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  1. #1
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    Im on pins and needles to read some DB Inline on Ripley reviews.

    That is all.

  2. #2
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    I just got my frame with the DBinlie. It feels amazing but I've never ridden a Ripley with a different shock so not able to give a comparison. I've played with the settings quite a bit and the amount of adjust ability is phenomenal. It does takes some patients getting it dialed in. The factory default settings felt good but I've got it glued to the ground now with a bit more rebound and less compression. You can make it feel anyway you'd like. I'll prob never ride a Fox again.

  3. #3
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    Here's a pic

    Im on pins and needles to read some DB Inline on Ripley reviews.-20140807_133207.jpg

  4. #4
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    Thanks for the reply! When you say "more rebound and less compression", do you mean slower rebound and softer compression? Also are you refering to the high speed or low speed?
    Thanks! I get mine tomorrow!!!!

  5. #5
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    I get mine on Thursday!

  6. #6
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    Yeah, I'm not sure how they can prescribe a rebound setting without knowing the air chamber psi. I weigh 190 lbs so I had to increase the low speed and high speed rebound. I also prefer the suspension to be very compliant to small bumps so I I also reduced to low speed compression. I did increase the high speed compression to ramp up towards the end of the stroke.

  7. #7
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    I had my first proper ride today with the DB Inline on my Ripley, replacing the stock FOX CTD. Massive difference - the bike now rides like I always thought it should.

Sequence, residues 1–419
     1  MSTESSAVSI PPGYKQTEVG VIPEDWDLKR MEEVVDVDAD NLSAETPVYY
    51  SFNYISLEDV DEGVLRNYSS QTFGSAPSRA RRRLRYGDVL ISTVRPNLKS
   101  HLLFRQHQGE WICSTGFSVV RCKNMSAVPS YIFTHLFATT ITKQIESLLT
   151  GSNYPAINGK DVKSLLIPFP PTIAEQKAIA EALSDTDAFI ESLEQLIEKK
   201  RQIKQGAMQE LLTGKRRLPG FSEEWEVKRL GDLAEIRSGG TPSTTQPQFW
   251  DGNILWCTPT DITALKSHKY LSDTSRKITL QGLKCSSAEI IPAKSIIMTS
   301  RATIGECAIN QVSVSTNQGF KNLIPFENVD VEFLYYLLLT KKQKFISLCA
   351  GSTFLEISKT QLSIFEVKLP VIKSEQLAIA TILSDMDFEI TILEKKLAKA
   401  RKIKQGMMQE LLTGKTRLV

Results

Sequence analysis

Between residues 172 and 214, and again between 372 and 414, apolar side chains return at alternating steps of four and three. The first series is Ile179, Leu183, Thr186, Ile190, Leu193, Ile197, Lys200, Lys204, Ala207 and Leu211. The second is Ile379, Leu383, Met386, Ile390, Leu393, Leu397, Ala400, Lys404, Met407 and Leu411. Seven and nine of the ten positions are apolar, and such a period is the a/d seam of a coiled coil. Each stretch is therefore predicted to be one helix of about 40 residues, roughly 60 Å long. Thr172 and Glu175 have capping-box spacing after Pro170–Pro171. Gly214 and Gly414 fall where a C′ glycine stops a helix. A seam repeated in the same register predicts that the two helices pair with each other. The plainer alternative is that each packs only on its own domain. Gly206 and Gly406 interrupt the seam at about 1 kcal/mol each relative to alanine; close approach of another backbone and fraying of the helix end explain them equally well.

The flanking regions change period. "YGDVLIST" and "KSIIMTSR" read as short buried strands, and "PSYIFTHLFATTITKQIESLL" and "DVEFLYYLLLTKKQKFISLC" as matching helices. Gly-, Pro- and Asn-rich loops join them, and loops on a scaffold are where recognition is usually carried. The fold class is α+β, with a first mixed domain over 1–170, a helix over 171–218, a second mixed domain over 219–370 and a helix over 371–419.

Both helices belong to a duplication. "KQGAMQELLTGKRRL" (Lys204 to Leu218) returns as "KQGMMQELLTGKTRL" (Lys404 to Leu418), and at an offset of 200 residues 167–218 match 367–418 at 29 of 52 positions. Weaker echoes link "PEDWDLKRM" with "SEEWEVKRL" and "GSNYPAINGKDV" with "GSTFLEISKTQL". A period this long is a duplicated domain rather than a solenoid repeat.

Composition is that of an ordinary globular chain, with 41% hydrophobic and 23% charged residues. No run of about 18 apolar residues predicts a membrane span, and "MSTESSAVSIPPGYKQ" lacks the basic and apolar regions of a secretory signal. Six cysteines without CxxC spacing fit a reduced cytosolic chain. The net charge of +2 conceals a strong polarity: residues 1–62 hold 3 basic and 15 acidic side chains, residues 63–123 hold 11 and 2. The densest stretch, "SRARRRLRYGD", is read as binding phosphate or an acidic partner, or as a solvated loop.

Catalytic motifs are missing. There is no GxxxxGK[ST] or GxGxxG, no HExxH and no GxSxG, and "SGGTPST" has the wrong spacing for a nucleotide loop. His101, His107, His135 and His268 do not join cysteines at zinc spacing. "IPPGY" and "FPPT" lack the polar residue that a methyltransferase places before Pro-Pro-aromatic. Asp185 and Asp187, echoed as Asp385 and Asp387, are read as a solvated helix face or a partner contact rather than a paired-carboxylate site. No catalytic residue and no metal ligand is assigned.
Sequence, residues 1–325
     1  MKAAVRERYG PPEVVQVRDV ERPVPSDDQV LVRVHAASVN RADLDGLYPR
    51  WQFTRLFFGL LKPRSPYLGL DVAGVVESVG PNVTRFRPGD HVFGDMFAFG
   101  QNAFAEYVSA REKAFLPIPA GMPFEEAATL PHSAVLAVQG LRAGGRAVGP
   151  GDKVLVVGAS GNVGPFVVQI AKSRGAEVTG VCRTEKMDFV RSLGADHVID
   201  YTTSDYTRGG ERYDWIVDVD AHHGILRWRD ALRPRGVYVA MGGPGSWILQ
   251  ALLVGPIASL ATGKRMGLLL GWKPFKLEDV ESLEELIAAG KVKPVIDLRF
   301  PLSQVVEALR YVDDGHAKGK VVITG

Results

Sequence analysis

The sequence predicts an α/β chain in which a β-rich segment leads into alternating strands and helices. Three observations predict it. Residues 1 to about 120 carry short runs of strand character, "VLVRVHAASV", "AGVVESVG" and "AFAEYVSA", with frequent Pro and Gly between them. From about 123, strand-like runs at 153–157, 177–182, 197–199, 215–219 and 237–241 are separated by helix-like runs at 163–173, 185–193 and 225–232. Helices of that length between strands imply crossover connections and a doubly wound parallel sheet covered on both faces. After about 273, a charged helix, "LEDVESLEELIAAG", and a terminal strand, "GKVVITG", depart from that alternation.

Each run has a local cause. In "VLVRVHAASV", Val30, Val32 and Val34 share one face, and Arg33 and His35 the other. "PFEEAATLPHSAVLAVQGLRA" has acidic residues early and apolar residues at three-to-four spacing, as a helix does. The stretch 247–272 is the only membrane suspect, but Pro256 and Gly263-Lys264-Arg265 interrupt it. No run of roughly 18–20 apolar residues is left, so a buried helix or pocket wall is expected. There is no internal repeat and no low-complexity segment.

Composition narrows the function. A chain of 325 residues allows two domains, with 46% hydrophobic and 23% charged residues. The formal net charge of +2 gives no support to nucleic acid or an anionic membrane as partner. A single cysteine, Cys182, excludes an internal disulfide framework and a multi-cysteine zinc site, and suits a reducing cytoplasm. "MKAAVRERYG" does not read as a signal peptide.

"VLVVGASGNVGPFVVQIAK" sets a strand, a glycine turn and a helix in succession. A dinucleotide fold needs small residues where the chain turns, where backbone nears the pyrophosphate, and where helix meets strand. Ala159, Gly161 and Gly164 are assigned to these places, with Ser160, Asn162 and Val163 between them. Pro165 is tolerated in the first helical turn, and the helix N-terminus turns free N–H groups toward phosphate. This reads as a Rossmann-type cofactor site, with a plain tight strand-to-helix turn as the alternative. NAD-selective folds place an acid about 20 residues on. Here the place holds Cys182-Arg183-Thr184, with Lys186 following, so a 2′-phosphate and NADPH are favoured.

I played around quite a bit with the settings and ended up with very little high speed compression damping and a lot of high speed rebound; and very little low speed compression damping or rebound. The bike now rides smoothly over small bumps, trail buzz and chatter, and is totally controlled on the big stuff. This is something I could never achieve with the single barrel shock: to get it smooth on the small bumps I would need low air pressure and fast rebound, which meant it blew through the travel on the bigger hits then nearly bucked me in the weeds. The DB Inline really has fixed all of that. I'm a sceptic about bike tech, but in this case am genuinely impressed. Could turn out to be the best biking investment yet.

    The only downside is that it's showing up the shortcomings of my 140mm Pike - which is saying a lot.

  8. #8
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    again, when you say very little low speed rebound, does that mean its set on the fast end?

  9. #9
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    Quote Originally Posted by getupgetdown View Post
    again, when you say very little low speed rebound, does that mean its set on the fast end?
    Generally speaking, less rebound means less damping, or even less clicks/turns of the knob. Same with compression. Less compression means less compression damping, or less clicks/turns of the adjusting knob. I like to think of it the same way I think of volume on a car stereo. More volume means "Turn it up, Man!"

    At least that's the way my friends and I use those terms when discussing suspension.

  10. #10
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    Im on pins and needles to read some DB Inline on Ripley reviews.

    This is true in use but also confusing for technical people. More rebound, in an absolute sense, means faster rebound. But people say this when they mean to say more rebound damping, which is a reduction of the rebound rate.

    That is, in this use, damping is essentially equivalent to not, and for some reason it is accepted that to say A means not(A) and this will always seem wrong to many including me. When people ask about this they are usually trying to politely make this point. I believe it is correct and avoids confusion to include the word damping when indicating the damping rate.
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  11. #11
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    Quote Originally Posted by getupgetdown View Post
    again, when you say very little low speed rebound, does that mean its set on the fast end?
    Yeah, I mean little damping, so a faster response to small bumps.

  12. #12
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    ca_rider, you and Getup are technically correct, but the slang/jargon has taken over so much we just have to ignore logic and go with the current slang if we want to be understood by the majority.
    It's like driving in a car and someone says, "I take the next left, Right?"
    and we answer,"Right." even though it's correct to turn left.

  13. #13